The Rohingya endured decades of abuse in Myanmar, beginning in the 1970s when hundreds of thousands sought refuge in Bangladesh.
Between 1989 and 1991, an additional 250,000 fled when a military crackdown followed a popular uprising and Burma was renamed Myanmar. In 1992, Bangladesh and Myanmar agreed on a repatriation deal under which thousands of Rohingya returning to Rakhine.
The Rohingya exodus to Bangladesh resumed in August 2017 following a military crackdown on the ethnic minority group.
According to the UN, by the end of 2020, 866,457 Rohingya refugees had been registered at 34 camps in the Cox’s Bazar district of Bangladesh due to a joint initiative by Dhaka and the UNHCR.


Kosovo man charged in terror trial

 Members of the Kosovo police special unit secure in the town of Mitrovica. (AFP file photo)
Members of the Kosovo police special unit secure in the town of Mitrovica. (AFP file photo)
Updated 7 sec ago

Kosovo man charged in terror trial

 Members of the Kosovo police special unit secure in the town of Mitrovica. (AFP file photo)
  • Kosovo repatriated 110 of its citizens, mostly women and children, from Syria two years ago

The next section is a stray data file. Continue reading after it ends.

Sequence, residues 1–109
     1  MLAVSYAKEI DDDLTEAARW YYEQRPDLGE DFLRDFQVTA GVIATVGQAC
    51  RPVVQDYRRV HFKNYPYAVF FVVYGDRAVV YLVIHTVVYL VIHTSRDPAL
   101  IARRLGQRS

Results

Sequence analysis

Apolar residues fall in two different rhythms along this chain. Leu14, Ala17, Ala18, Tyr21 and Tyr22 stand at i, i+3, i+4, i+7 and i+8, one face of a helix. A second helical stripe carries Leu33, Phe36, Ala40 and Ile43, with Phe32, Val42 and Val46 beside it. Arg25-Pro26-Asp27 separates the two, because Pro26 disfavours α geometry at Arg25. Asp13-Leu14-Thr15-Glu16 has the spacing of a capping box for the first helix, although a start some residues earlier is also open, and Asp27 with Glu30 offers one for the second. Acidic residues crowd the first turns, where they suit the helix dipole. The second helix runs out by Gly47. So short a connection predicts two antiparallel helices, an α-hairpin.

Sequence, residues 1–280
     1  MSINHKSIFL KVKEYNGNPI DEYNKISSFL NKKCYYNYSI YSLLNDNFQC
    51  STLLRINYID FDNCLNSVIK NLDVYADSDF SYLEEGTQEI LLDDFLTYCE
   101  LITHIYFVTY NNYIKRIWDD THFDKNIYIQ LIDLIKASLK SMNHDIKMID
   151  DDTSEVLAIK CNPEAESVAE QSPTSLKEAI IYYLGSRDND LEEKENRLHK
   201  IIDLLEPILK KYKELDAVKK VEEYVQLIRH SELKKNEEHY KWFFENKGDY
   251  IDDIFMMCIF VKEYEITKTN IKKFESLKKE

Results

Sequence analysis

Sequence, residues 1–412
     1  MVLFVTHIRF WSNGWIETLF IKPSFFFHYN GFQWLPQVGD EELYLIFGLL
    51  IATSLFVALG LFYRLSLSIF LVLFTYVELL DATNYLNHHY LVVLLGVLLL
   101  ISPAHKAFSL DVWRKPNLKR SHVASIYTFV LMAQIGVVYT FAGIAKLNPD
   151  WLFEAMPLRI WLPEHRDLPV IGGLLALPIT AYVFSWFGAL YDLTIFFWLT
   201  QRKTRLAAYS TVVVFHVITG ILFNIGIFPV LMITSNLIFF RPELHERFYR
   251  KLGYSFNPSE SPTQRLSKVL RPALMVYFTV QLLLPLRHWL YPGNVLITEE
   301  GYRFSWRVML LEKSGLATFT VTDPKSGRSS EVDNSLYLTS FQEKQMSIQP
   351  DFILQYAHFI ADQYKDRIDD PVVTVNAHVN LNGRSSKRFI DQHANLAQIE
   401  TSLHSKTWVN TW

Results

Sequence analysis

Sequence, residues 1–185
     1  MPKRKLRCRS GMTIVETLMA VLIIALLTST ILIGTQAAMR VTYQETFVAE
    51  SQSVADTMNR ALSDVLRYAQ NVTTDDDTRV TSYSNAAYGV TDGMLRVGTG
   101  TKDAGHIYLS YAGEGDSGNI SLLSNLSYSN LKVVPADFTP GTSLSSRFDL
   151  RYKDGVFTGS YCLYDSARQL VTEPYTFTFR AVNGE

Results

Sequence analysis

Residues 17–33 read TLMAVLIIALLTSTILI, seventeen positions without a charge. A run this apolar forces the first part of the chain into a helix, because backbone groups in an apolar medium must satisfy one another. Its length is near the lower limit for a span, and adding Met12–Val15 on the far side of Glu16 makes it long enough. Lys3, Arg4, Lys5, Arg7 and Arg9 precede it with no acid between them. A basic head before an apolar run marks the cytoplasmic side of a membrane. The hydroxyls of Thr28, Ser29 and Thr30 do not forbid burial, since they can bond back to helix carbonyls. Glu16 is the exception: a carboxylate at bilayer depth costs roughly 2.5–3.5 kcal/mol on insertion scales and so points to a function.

PRISTINA: Prosecutors brought terror charges on Friday against an ethnic Albanian man from Kosovo who allegedly joined an extremist group in Syria and brought his family there.
A statement from the prosecutor’s office in Kosovo said the suspect, identified only as N. L., joined the Jabhat Al-Nusra group along his son.
Authorities allege he trained as a fighter and participated in attacks in Syria.
The statement said the man returned to Kosovo in April 2013 to bring to his wife, two daughters and a daughter-in-law to Syria.
He allegedly rejoined his son and the Al-Nusra group and was eventually handed over to Syrian forces and repatriated to Kosovo, according to the statement, which did not give the whereabouts of his relatives.
If convicted, the man faces up to 10 years in prison. Authorities say that fewer than 90 Kosovo citizens remain in Syria, most of them the widows of former fighters.
Kosovo repatriated 110 of its citizens, mostly women and children, from Syria two years ago.
Many of the adults have been charged with terrorism-related offensives and are serving prison sentences.
More than 400 people from Kosovo are thought to have joined extremist groups in Syria and Iraq.


Omicron variant may have picked up a piece of common-cold virus

Omicron variant may have picked up a piece of common-cold virus
Updated 17 min 35 sec ago

Omicron variant may have picked up a piece of common-cold virus

Omicron variant may have picked up a piece of common-cold virus